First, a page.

Boundaries. Border lines among -and within social -systems are arbitrary but
consequential. How a principal groups teachers and students, for example, is not
Subsystems. Every social system is.composed of interrelated subsystems. For examp-le,
in. elementary schools what occurs at one grade level -or in secondary schools
what occurs in one academic department-has- some consequences for other grade
levels-and departments. Thus, subsystems operating autonomously often generate
unintended consequences for other subsystems or possibly the entire school.
Multiple -causation. Problems and outcomes in a social system rarely have a single
cause. In schools, for example, itis highly improbable that low student performance
on state achievement testsis caused by one variable.
An organization’s climate is in essence its personality (Sargeant, 1967); it is an attribute
that shapes a person’s feelirrgs about a school. Structure, or organization, is one of the
four elements of climate and, as such, it partially determines how teachers and students
feel about the school-and ‘how they feel often affects how they perform. Therefore,
restructuring can alter a school’s climate; ana ultimately it can influence student
academic performance (Kowalski,-Petersen, &Fusarelli, 2007).
‘Schools are complex social systems and, as such, theyshould be..analyzed in relation
SCHOOLS AS SOCIA[ S_YSTEMS
.• “Identify options for annual school calendars
• Explain the nature of a learning organization
66 LEADERSHIP EXPECTATIONS
The deployment of art} music, and physical education teachers. This option provides
students with .exposure to instructors who have concentrated. preparation in their
specializations and it-provides teachers in self-contained classrooms with preparation
time during the school day.
Resource .rooms. These rooms provide ‘students- opportunities for individualized OT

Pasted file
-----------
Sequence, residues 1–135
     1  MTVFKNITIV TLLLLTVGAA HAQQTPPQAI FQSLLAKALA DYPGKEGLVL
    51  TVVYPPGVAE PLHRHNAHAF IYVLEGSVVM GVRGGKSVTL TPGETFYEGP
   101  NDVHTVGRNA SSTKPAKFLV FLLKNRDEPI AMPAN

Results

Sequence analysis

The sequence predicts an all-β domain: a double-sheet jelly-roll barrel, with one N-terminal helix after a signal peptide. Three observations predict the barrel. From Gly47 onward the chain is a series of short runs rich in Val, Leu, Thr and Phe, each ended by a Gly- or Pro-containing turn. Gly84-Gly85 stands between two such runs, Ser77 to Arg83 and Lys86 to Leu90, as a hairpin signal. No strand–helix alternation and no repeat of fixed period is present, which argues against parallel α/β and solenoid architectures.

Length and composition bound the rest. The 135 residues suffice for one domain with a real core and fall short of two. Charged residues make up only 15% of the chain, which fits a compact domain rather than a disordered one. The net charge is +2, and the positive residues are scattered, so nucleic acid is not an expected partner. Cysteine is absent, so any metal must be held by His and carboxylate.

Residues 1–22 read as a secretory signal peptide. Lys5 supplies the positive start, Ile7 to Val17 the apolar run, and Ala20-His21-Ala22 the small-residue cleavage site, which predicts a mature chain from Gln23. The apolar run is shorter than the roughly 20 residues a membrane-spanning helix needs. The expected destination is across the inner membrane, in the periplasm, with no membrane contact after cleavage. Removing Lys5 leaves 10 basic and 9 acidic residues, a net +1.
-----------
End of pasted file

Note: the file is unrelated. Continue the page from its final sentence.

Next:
small group instruction outside the se-lf-contained -dassroom for a porti.on of theschool day. Their development resulted primarily from legal requirements for
serving special needs students- (i.e., those with .individualized education programs
[IEPs] requiring inclusion). Today, -resource rooms also may provide work. areas
for teacher aides who focus on supplemental instruction as prescribed by teachers
operating self-contained classrooms.
The structure of All elementary school is analyzed with respect to vertical andhorizontal
planning. Vertical planning (i;e., what occur-sfrom grade -levelto grade level) has been
premised on students progressing from one grade level to another until the school’s
entire _program of study has been completed. This organizational approach -is r-ooted
in the assumption ‘that.students of the same chronological age benefit adequately from
re-ceiving .a uniform instruction ·concurrently-a premise -that has been frequently
challenged. The dominant horizontal plan (i.e., what occurs at a.given grade level) has
been the self-contained classroom=-rhatis, one teacher-providing instruction in all basic
subjects. This configuration is premised on -twoperceived advantages. First, students
are presumed to adapt more readily .to school “if rhey are placed witlr a single teacher
and .a relatively small group of students ‘for all or most-of the school day. Second, the
self-contained classroom configuration is efficent, orderly, easy to administer, and
understood by parents. Many elementary- schools have modified -their horizontal plan
by .providing partial departmentalization in The-upper _grades;for example, two fifthgrade teachers may team together in that one -teaches science arrd mathematics for both
sections and the other teaches language arts and reading for.borh sections,
Over the last half ce-ntury, traditional horizontal -planning in elementary schools has
been augmented by the following concepts:
Elementary SChoolsThough ‘education experts posit that philosophy, curriculum, and mstructional strategies
should determine the organizational pattern ofa school, pragmatic considerations=such
-a~ funding and available facilities, and -tradition often have trumped these conside:rations.
How and why a district separates schools by grade levels and why principals structure
the school day the way they do are not matters that capture the attention of many
stakeholders-especially those who do not have children enrolled in the school’s.
.Nevertheless, these should be treated -.ascritical administrative decisions. because they
have the potential of affecting student learning.
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